Friday, November 11, 2011

Forgotten Scotland Players

To mark Remembrance Day two more entries in the Scottish Football Blog's Forgotten Scotland Players series.

Two players who were part of the most famous Hearts team of them all.

Forgotten Scotland Players: George Sinclair


Football in Scotland didn't stop during the conflict of 1914-1918. Players, officials and supporters fought for their country. Many never returned.

But, rightly or wrongly, the game continued. It did so against a backdrop of criticism and recrimination that the sport was ignoring its patriotic duty and encouraging others to do the same.

Yet some players had answered the country's call without delay.

One of those was the Hearts winger George Sinclair. Formerly a regular soldier he'd left the army in 1905.

He signed for an under performing Hearts in 1908. When George McCartney replaced James McGhee as manager he decided that Sinclair was of only four players who would meet the standard he was demanding.

Sinclair, he recognised, was one of the finest wingers in Scotland. In a new era for Hearts he was deserving of his place.

Scotland's selectors seemed to agree. In March 1910 Sinclair made his Scotland debut against Ireland in Belfast as the Scots fell to a 1-0 defeat.

As McCartney strove to build a team that would achieve his goal of being the "perfect combination," Sinclair continued to impress.

In 1912 he was again called into the Scotland team. On 3rd March he was part of the team that beat Wales 1-0 in front of 31,000 fans at Tynecastle.

Two weeks later he got his revenge in Belfast as Scotland, sent on their way by a first half double from Blackburn's Walter Aitkenhead, beat Ireland 4-1.

Two years on and McCartney's Tynecastle dream was coming close to being realised.

In the summer of 1914 Hearts played a friendly in a Copenhagen before returning to Edinburgh to beat Hibs 6-0 in the Dunedin Cup.

People suddenly realised that McCartney might have been deadly serious when he predicted that his team would win the league.

Then, on 4th August, Britain wasn't provided with the assurances it demanded that Belgium's neutrality would be respected by an advancing German Army.

The European powder keg had exploded and Britain was about to join the conflagration.

When Sinclair had left the Field Artillery in 1905 he had made a commitment to rejoin the forces in the event of such a conflict.

On 5th August 1914, in keeping with that agreement, he rejoined his battery. Britain was at war. And so was George Sinclair.

Driver George Leckie Sinclair of the Royal Field Artillery didn't serve in the famous McRae's Battalion that became inexorably linked to Hearts.

His war took a different route. And he was one of the lucky ones.

Injured while on active service he was discharged from the army. His injuries weren't serious enough to stop him from playing football and he returned to see out his career with Hearts, playing his last game in 1920.

He was also apparently spared the after effects that scarred the lives of so many veterans.

When a free scoring Hearts side, perhaps fulfilling the destiny that was denied the team of 1914, won the championship in 1958 Sinclair was running a pub in Edinburgh's Abbeyhill.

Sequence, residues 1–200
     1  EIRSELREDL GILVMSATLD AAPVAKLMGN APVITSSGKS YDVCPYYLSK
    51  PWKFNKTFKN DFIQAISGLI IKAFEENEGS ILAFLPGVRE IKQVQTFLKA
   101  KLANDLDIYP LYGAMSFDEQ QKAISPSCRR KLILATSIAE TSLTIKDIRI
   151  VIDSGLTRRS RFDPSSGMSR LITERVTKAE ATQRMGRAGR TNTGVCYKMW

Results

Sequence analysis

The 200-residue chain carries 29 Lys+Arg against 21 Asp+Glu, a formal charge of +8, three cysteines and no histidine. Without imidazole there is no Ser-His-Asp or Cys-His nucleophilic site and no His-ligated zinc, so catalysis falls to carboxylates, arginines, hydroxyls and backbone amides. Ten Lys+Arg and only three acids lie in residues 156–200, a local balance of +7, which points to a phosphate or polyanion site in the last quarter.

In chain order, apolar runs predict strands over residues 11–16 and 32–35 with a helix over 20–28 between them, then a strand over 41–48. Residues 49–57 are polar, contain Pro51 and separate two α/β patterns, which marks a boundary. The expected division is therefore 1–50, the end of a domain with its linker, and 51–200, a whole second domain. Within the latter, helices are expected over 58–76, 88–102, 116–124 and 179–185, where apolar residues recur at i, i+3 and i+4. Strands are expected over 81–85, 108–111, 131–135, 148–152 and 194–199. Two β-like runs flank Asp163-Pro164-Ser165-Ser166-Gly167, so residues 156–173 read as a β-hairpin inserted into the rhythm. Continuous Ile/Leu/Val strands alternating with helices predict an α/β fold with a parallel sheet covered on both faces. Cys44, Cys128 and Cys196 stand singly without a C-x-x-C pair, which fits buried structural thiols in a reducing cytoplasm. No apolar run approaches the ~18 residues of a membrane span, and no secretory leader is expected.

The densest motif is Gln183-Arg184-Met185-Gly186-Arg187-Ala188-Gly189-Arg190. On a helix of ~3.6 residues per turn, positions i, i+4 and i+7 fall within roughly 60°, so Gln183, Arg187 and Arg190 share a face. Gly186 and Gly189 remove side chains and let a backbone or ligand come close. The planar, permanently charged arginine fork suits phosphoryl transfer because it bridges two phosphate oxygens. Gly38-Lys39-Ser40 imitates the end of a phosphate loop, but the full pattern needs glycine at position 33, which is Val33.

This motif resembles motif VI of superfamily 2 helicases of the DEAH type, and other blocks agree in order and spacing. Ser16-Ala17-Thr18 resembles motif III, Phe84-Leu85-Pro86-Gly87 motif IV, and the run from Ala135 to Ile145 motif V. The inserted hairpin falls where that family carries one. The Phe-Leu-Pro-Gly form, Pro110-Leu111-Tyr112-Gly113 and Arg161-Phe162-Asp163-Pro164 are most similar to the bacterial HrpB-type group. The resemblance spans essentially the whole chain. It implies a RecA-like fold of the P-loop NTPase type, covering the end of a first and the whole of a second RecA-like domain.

Forgotten Scotland Players number 10: George Sinclair, Hearts. 3 caps.

Forgotten Scotland Players: Bob Mercer


When George McCartney began his rebuilding job at Tynecastle he immediately recognised that the player he could build the team's success on was already at the club.

Robert 'Bob' Mercer was a young centre half when he first met McCartney.

In the pre-war years footballs were like boulders, boots like concrete and defenders were rugged characters. Mercer was a modern centre half before the phrase was invented.

Ball playing, skillful. Classy.

He was the young talent at the centre of the manager's "perfect combination" philosophy.

He was just 22 when he made his Scotland debut, alongside team mate George Sincliar, in the 1-0 win over Wales at Tynecastle.

His second cap came in March 1913 as Scotland beat Ireland 2-1 in Dublin.

Mercer was injured during the course of Hearts' impressive start to the 1914-15 season. An October return proved too soon for his damaged ligaments and he was ruled out again.

Despite his injury, as the captain of the league leaders and as one of Scotland's bright young things he was a lightning rod for the ire of those who felt football wasn't pulling its weight in the war effort.

When Hearts answered the call from McCrae's Battlalion, Mercer's injury meant he was unable to join his team mates.

15 players did join McCrae's Own. Three of them were to die on the first day of the Battle of the Somme on 1st July 1916.

Mercer was eventually to join the Royal Garrison Artillery. In 1918 he was caught in a severe gas attack.

Unlike many of his team mates he survived. He returned to play for Hearts for another two seasons.

In 1919 he joined George Sinclair in the side that won the SFA's Victory Cup.

It was clear, however, that Mercer wasn't the same player. When a doctor diagnosed a weakened heart, Hearts insisted he retire. He reluctantly left the club but went on to play another couple of seasons with Dunfermline.

In 1926 he played a game as a guest for Hearts in Selkirk. He collapsed and died of heart failure.

The "war to end all wars" had claimed another victim.

Forgotten Scotland Player number 11: Bob Mercer, Hearts. 2 caps.

31 Hearts players saw service during the First World War. Six were killed in action. Another three died during the conflict. Three more, including Bob Mercer, died after 1918 as a consequence of injuries suffered during the war.